Williams was talented, but didn’t love football like Van Hoosen. There were even times he thought about giving it up altogether in college.
“I’m not going to tell you I was ‘rah, rah’ football,” said Williams, who went on to play nine years with the Miami Dolphins, Cleveland Browns and Atlanta Falcons. “I liked the games, but hated the parts that led up to it. But ‘Horse’ — I always called him that — kept me going. He’d always say, ‘You’ve got nothing better to do on Saturdays than play football.’ “
Mussman had reconnected with Trent in the past six months as Matt considered pursuing football in college. Mussman appreciated those recent conversations with Van Hoosen.
“He was the type of person you wanted to be around,” Mussman said. “He had a way of making you feel good about yourself when you were around him. That’s a special quality to have.”
For Trent’s 45th birthday last October, Susan, Matt, Joe and his stepdaugther Sophia presented him with a wooden box. Inside were written notes, 45 from Susan and 15 apiece from the three kids, with things they loved about Trent.
Some were funny. Joe wrote, “I love your dancing,” and Matt, “I love how all my friends think you are huge.”
Others, in retrospect, are heartbreaking. From Joe: “I love it how you still play football in the backyard with me,” and “I love how you, me and Matt have late night pizza nights.” From Matt: “I love how you push me to set goals for myself and we talk about them often,” and “I love I can talk to you about anything.”
It is comforting to Matt that he and his brother and sister had a close relationship with their father. He’s thought about that a lot in these long days since Friday, especially at Monday’s service when he was surrounded by his Fishers teammates — dressed in their jerseys — and hundreds of other people his dad had known.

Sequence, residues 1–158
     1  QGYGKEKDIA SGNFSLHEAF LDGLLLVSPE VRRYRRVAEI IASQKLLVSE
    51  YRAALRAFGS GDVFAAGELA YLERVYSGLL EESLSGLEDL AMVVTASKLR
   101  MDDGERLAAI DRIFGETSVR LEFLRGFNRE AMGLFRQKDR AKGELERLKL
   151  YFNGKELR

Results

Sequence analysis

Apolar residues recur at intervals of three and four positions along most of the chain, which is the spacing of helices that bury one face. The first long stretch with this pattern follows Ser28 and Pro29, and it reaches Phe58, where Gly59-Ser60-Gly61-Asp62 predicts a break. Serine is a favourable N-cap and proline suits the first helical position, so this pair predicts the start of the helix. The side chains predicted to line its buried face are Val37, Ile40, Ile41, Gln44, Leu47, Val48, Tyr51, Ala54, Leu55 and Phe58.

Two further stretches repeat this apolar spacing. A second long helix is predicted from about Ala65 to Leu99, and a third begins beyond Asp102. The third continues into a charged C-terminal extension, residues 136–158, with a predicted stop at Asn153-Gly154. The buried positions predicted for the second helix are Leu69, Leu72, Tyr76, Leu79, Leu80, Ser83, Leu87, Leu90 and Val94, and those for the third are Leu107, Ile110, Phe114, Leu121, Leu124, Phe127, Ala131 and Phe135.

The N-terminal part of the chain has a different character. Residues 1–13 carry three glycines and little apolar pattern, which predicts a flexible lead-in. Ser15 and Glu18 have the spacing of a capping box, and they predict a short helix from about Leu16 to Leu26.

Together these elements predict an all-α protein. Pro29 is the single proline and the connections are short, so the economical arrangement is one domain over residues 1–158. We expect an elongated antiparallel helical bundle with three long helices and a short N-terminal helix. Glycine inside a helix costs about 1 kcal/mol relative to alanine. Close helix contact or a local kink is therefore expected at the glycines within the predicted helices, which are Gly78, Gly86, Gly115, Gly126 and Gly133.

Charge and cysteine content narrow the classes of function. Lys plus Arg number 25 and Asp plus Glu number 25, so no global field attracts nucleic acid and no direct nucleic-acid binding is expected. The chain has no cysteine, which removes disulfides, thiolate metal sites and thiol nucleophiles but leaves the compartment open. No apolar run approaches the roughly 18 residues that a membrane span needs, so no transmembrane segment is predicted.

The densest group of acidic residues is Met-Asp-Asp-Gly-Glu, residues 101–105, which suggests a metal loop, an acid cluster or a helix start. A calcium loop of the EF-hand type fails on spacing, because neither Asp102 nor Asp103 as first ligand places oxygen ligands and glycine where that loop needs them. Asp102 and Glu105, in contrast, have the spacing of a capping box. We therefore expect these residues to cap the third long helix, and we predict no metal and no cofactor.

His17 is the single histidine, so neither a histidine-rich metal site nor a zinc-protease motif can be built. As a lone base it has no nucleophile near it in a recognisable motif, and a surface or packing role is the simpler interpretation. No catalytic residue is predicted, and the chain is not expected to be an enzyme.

“He treated everybody with respect,” said Eric Hohlt, who coached youth football with Trent, “whether he’d known you for 20 years or 20 minutes.”
Matt is setting goals. New goals. He wants to stay close to home for college so he can attend Joe’s games, like his dad did for them both. He wants to be there for Joe, waiting at the end of the chainlink fence when he comes off the field. After the football season, he wants to train for the CrossFit Games and compete in his dad’s honor.
And Friday night? Well, tonight Matt wants to make his father proud. His Fishers teammates will wear “TV” and “49” helmet stickers to honor the Van Hoosen family for the regional game against Fort Wayne Snider.
His dad won’t be there, waiting for him by the locker room. But he will be with him out there on the field, in his heart and in his mind. Watching and smiling with that big grin.
“I hope that I can have the same presence he had,” Matt said. “I guess I’d call it charm. He had that. I hope I can carry it on.”
* MORE COVERAGE: USA Today High School Sports: Indianapolis.